The project and the parentage are fine. But will they be enough for HCC to have a smooth sail for their Rs. 2000 crore Lavasa IPO is the crucial question. Investors will be looking at the commendable upsides like the project scale, as well as the potential downsides that are unique and complex when such a city-project goes for its IPO.
For the first time in the country’s capital market history, a city is going for its IPO. And needless to say, Lavasa’s upcoming IPO is throwing up some unique attractions as well as challenges for the prospective investors.
At 100 sq kms, Lavasa is roughly the size of Allahabad, Jodhpur, Rajkot, Coimbatore or Kochi. But if these cities took hundreds, if not thousands, of years to develop, Lavasa’s ambition is to grow to such scales within two decades.
This kind of a lofty objective is quite good in the capital markets, as this kind of vision is what separates leaders from laggards, especially in project oriented sectors like capital goods, power, infrastructure, and real estate.
However, there is also the case of Lavasa being a bit too big. Lavasa Corporation Ltd, now a subsidiary of Hindustan Construction Ltd (BSE: 500185 NSE: HCC), runs the risk of being regarded as a single project company having all the related downsides, much like how Jaypee Infratech was assessed recently post-listing, resulting in a truer price-discovery.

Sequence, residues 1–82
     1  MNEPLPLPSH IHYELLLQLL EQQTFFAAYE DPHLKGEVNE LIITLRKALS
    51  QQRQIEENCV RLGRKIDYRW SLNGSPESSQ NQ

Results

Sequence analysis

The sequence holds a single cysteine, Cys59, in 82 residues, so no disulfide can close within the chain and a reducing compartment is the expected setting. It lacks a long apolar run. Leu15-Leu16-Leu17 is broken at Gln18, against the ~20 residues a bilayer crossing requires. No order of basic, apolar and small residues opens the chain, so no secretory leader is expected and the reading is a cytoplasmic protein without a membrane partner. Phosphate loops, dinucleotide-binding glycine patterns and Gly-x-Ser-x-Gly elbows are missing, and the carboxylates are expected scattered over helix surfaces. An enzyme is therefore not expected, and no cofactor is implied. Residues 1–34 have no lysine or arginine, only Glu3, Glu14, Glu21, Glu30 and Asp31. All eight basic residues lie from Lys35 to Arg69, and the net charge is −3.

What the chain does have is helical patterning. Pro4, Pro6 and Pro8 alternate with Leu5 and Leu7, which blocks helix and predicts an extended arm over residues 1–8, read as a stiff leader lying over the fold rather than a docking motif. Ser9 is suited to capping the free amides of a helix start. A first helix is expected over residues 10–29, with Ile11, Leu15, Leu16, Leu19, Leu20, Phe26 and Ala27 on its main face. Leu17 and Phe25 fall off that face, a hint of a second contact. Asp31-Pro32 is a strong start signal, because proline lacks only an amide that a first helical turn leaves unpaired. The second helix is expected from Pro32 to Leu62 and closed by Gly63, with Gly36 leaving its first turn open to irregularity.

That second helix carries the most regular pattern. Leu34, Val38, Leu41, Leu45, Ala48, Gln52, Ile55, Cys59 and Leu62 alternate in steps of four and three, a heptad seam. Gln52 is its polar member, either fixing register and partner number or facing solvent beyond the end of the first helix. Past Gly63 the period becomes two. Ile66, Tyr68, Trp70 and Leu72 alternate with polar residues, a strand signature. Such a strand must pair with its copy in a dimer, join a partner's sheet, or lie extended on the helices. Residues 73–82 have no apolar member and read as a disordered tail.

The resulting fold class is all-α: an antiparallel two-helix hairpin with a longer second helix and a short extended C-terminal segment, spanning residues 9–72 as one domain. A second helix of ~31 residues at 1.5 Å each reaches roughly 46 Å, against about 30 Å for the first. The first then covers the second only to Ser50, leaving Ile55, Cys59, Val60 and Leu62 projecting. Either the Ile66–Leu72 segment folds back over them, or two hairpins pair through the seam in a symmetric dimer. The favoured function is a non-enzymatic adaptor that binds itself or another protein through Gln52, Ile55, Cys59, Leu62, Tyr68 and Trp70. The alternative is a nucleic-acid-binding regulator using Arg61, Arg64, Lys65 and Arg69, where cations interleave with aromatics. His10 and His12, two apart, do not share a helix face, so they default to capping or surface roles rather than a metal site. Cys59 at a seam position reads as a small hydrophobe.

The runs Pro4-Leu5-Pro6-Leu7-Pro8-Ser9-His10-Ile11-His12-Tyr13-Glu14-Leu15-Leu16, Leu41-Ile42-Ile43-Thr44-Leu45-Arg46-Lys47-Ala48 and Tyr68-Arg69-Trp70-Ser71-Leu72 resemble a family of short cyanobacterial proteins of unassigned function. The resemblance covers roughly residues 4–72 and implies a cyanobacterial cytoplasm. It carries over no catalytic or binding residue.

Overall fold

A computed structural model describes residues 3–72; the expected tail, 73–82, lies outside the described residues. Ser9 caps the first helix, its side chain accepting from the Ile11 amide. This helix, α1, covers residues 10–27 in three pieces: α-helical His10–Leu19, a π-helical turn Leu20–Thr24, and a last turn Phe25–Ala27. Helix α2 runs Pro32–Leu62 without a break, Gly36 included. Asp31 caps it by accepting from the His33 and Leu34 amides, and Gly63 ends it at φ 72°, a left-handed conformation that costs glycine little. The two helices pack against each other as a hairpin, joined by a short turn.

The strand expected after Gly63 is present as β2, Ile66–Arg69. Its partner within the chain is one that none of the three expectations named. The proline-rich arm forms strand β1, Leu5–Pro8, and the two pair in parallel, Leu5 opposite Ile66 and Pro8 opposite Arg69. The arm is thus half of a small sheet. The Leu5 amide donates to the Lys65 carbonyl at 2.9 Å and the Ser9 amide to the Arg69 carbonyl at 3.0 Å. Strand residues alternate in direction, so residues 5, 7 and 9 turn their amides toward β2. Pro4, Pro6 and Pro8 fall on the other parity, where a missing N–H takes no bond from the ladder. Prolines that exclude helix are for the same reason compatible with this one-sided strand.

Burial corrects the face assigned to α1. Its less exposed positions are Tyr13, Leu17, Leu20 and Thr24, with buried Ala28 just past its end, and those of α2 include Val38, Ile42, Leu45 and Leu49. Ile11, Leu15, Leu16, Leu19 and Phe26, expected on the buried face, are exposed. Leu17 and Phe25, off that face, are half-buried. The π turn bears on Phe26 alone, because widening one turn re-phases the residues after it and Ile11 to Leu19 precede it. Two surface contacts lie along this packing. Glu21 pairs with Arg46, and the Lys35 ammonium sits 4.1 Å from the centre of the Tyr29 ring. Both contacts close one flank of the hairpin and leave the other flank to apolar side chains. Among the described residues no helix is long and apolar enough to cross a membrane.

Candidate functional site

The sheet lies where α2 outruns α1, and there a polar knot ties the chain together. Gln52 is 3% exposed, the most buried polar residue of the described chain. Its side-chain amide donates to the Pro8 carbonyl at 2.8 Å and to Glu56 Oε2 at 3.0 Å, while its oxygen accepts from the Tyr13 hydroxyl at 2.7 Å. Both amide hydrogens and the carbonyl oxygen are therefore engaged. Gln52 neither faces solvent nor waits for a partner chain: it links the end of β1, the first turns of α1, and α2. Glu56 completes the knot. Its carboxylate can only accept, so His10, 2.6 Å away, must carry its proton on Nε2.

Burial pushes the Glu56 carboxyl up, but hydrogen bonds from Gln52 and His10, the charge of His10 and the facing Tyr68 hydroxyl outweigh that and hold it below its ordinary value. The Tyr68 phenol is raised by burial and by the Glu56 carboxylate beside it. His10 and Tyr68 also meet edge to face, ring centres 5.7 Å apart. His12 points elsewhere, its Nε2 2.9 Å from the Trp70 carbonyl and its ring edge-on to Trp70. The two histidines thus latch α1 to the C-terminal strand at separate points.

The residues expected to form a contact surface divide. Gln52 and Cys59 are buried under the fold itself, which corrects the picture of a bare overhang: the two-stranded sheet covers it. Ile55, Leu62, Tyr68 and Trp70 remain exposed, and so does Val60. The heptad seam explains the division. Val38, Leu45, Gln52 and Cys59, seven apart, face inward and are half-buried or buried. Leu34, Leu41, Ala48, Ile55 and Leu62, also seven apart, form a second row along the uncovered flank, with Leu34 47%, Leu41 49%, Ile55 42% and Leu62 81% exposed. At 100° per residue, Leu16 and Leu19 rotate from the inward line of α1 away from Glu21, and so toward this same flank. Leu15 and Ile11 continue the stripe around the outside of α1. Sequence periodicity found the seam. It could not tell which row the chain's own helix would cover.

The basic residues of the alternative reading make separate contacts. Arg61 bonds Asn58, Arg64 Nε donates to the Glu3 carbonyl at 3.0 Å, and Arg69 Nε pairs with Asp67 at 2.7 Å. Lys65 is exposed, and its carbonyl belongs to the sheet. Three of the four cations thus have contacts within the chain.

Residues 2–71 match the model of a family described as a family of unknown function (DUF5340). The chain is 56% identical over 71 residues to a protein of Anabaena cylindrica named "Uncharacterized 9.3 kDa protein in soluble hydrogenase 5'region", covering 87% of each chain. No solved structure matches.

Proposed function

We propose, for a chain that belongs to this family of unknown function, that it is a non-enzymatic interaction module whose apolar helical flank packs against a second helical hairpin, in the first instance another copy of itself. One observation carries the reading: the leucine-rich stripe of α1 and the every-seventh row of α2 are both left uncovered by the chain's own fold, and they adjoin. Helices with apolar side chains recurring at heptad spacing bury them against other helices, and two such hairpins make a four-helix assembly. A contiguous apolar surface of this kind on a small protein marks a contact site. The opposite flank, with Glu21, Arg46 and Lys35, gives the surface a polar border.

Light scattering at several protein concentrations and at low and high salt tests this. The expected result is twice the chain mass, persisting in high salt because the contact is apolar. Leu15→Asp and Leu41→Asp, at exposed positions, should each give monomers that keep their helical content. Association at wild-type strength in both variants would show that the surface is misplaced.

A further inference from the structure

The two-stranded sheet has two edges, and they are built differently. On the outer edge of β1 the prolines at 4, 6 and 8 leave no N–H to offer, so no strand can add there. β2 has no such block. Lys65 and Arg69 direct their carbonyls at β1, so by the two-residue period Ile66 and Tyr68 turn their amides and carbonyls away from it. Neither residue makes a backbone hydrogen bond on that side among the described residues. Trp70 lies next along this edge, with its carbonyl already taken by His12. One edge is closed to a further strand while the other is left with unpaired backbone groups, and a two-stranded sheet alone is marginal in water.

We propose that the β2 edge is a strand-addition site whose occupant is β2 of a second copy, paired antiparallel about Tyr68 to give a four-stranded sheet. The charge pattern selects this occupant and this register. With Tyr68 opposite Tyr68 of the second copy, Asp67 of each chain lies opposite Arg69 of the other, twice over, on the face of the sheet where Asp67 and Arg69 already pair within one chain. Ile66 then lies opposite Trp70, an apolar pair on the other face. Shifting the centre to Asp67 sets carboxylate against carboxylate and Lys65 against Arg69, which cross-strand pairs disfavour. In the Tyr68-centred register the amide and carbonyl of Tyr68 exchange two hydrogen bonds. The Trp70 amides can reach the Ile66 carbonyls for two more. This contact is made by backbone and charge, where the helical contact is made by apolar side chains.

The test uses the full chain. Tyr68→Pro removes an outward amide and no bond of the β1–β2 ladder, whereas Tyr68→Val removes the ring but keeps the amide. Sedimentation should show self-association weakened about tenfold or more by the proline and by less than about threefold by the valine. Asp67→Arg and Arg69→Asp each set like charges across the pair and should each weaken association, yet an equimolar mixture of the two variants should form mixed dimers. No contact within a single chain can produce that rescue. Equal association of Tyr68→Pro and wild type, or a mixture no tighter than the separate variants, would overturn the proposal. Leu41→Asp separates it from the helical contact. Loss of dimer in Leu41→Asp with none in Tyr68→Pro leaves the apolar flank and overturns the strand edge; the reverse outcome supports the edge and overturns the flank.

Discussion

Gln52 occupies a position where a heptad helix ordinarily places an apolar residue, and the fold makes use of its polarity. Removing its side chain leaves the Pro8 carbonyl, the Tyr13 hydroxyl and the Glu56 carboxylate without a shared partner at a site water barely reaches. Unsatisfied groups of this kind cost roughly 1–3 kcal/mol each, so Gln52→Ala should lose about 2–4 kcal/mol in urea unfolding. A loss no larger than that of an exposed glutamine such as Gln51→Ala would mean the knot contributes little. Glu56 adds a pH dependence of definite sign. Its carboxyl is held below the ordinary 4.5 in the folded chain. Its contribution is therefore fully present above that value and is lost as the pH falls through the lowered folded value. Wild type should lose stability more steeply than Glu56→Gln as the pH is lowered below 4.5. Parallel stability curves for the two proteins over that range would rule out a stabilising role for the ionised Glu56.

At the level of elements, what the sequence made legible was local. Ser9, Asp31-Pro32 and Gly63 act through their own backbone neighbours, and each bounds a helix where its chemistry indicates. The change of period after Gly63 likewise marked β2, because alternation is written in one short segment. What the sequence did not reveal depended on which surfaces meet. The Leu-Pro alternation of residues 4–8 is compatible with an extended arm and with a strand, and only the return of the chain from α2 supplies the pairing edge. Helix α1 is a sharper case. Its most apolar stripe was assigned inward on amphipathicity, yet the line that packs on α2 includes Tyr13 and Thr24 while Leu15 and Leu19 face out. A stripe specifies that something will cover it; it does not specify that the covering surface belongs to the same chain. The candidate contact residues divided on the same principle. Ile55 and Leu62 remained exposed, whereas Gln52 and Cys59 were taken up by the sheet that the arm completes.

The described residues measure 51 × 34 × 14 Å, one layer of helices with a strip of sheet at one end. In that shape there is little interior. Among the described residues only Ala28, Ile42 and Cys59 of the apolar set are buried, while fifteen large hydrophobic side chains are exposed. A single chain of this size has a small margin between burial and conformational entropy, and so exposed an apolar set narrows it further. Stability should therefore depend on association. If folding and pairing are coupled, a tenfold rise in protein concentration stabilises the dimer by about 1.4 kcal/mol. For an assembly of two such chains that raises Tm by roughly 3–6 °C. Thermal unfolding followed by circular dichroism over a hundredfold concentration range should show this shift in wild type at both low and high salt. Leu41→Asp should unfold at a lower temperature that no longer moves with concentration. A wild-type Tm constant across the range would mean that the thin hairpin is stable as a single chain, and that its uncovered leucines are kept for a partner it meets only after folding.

Skeptics for the project have always been there, but Lavasa Corporation Ltd completed the first phase almost on schedule in 2010, comprising over 1000 villas and 500 apartments in its residential section. However, what is complete is nothing compared with not only the works to be completed, but the works yet to be started. Dasve, one of the three towns in the first phase, is the already operational town.
The whole development is spread across four phases, with the second phase getting completed in 2014, the third in 2017, and the final phase in 2021. Just 3 hours from Mumbai, and 40 minutes from Pune, Lavasa has been designed on a philosophy of live-work-learn-play within walkable distances, and is coming up as 12 towns spread across 7 valleys.